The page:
All sides – Vietnamese, Chinese, and French officials as well as the various bandit groups – remained suspicious of one another. There was constant fighting in the highlands between rival bandit gangs and state armies. The Black Flags and Yellow Flags, in fact, were bitter enemies and each side tried, with varying degrees of success, to ally with one state or another in its bid to overpower its rivals. As for the states themselves, they too played the same game by supporting one or another bandit group. But it was the mountain communities of Hmong, Tai, and Yao who suffered the most from the constant raids, wars, kidnappings, rapes, and murder. In fact, local residents – the victims – made no distinctions between bandits and officials; to them they were all the same and equally bad.
Besides the large-scale bandit armies there were also a large number of petty bandit gangs operating in the borderlands who took advantage of the fighting and chaos. Sometimes as one gang was defeated the survivors joined other gangs and in this way banditry and violence in the area was perpetuated. One small-time bandit was a man named Ong That, who in the wake of the defeat of the Yellow Flags in 1875, recruited his own band to plunder villages on both the Vietnamese and Chinese sides of the border, in areas outside the reach of either state. For the most part, such petty bandits as Ong That never became imperial bandits, but instead remained outlaws and wanted criminals.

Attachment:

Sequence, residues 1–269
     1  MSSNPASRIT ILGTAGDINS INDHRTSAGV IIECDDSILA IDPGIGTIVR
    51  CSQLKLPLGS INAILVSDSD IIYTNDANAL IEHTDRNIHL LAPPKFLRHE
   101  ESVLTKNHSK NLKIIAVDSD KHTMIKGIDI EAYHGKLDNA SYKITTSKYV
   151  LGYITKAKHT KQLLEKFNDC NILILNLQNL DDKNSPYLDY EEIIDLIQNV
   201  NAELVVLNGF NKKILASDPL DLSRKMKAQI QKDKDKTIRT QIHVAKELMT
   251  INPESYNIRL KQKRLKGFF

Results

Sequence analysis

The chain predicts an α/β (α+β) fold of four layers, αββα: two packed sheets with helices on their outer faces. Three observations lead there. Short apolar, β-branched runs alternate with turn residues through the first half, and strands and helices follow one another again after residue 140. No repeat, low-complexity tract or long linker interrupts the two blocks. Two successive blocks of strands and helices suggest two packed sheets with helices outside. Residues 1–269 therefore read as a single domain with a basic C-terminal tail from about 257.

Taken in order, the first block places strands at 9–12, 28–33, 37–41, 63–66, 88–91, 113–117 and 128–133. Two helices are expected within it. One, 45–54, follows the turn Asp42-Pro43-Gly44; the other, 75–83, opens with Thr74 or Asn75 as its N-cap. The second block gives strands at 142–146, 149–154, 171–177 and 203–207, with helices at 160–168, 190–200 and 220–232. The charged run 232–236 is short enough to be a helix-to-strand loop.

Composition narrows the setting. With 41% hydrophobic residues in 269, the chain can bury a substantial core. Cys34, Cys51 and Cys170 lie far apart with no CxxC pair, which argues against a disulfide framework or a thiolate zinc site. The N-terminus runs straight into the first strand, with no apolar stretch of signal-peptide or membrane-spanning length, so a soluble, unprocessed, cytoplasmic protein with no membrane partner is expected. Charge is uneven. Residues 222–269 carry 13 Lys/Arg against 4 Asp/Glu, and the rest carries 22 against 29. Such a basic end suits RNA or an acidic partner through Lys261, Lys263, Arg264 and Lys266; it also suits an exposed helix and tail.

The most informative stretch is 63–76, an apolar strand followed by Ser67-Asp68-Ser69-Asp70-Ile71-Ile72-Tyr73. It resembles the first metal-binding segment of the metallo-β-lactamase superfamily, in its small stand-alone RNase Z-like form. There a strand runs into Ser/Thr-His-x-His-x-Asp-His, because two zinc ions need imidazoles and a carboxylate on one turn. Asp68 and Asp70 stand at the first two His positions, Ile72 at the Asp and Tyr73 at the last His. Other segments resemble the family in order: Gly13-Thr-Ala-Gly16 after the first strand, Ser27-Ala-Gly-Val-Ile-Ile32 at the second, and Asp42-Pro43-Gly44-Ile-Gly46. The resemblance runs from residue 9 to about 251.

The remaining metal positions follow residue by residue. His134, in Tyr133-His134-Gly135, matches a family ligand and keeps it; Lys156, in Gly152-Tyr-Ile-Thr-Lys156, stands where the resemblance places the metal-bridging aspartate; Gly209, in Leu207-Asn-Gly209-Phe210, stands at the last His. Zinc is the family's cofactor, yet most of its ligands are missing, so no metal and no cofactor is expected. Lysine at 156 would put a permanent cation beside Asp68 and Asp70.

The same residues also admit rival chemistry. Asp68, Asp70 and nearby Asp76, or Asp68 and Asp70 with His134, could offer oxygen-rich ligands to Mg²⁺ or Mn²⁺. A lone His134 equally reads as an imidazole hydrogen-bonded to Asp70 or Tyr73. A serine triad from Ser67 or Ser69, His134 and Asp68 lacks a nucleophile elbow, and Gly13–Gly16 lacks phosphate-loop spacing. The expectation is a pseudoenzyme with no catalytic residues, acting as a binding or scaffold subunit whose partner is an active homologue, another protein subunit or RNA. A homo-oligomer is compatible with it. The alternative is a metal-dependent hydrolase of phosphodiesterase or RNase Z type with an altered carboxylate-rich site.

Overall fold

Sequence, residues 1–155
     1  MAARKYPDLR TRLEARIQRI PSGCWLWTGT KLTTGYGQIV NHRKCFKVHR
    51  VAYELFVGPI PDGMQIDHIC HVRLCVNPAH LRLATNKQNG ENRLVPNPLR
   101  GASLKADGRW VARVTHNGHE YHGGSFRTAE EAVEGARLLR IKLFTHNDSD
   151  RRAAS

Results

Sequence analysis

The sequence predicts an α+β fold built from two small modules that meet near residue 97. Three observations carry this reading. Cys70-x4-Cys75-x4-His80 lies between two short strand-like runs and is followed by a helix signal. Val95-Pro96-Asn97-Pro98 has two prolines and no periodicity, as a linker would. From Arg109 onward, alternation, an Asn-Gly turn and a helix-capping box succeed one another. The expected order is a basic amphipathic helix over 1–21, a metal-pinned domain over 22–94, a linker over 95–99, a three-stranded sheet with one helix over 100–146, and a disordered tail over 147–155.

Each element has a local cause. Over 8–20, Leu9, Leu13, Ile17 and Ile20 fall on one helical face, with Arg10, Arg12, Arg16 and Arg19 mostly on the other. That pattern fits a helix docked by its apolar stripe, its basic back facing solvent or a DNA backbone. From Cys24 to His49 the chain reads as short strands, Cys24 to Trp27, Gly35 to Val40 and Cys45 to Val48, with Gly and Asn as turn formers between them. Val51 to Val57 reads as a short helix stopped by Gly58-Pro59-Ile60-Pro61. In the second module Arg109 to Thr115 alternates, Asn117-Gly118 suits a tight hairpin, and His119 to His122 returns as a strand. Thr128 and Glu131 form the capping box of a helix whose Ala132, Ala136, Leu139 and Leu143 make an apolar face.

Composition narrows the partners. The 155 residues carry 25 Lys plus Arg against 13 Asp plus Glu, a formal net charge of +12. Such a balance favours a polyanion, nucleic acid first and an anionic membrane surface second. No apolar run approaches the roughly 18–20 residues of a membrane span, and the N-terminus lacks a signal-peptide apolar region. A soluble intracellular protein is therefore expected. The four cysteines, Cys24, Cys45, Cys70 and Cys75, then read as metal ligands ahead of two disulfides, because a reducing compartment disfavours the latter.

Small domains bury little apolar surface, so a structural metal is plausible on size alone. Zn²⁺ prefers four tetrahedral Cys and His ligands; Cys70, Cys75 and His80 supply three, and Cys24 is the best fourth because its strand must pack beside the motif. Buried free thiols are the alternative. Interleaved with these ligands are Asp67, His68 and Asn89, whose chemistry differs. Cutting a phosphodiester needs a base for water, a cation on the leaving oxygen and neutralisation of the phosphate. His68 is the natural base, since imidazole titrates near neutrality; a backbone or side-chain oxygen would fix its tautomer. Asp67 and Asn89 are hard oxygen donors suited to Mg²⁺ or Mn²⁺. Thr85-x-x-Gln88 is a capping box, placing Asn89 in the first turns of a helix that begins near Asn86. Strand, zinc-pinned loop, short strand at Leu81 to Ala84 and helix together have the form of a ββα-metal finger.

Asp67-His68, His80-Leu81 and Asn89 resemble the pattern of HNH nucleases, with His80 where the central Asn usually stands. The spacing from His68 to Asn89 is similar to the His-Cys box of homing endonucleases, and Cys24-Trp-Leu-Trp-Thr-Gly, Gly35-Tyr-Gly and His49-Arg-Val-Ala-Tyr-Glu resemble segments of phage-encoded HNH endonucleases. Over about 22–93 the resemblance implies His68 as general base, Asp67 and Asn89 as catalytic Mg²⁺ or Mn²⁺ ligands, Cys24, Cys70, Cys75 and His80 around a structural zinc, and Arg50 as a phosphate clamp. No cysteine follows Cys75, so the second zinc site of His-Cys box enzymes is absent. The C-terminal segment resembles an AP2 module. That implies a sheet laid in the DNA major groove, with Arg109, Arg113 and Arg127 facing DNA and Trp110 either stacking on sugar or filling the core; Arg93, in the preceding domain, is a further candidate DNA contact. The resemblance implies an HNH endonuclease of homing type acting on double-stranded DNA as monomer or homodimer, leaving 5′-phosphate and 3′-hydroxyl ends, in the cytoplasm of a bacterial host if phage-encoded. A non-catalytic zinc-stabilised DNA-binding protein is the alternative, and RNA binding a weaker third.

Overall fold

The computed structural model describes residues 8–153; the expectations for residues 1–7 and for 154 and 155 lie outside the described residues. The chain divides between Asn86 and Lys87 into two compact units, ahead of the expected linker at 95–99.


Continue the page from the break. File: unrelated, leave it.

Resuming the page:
The expansion of the French into Vietnam and southern China at this time greatly complicated the situation in the borderlands. Whereas a number of scholars, such as Lloyd Eastman (Throne and Mandarins: China’s Search for a Policy during the Sino-French Controversy, 1880–1885, Cambridge, MA: Harvard University Press, 1967), have depicted the Sino-French War (1883-85) as an outgrowth of the Westphalian system and power struggles in Europe, Davis brings the story back down to the local level, emphasizing the important struggles between bandits, officials, and merchants from China, Vietnam, and France for control of commerce and mining in the Sino-Vietnamese borderlands. During the war Vietnam and China tried to coax Liu Yongfu and other bandit leaders to help them in the fight against French imperialism. And after the war, unable to defeat the bandits, the French too had to compromise with them by incorporating surrendered bandit leaders into its colonial bureaucracy as commissioned officers. The seemingly endless cycle of imperial bandits continued for several more decades.
In weaving his story Davis skillfully combines Vietnamese, Chinese, and French documentary evidence with the oral traditions of highland aborigines about the Black Flags and Yellow Flags and their conflicts and relationships with Vietnamese, Chinese, and French governments. As the author concludes, we cannot fully understand the interconnected histories of Vietnam, China, and France in the late 19th and early 20th centuries without recognizing the important roles that imperial bandits played in making that history. Imperial Bandits is an important, well-argued book that should be essential reading for scholars and students interested in histories of modern Vietnam, China, and Western imperialism.
This review was also published in The Newsletter, no. 78, Autumn 2017.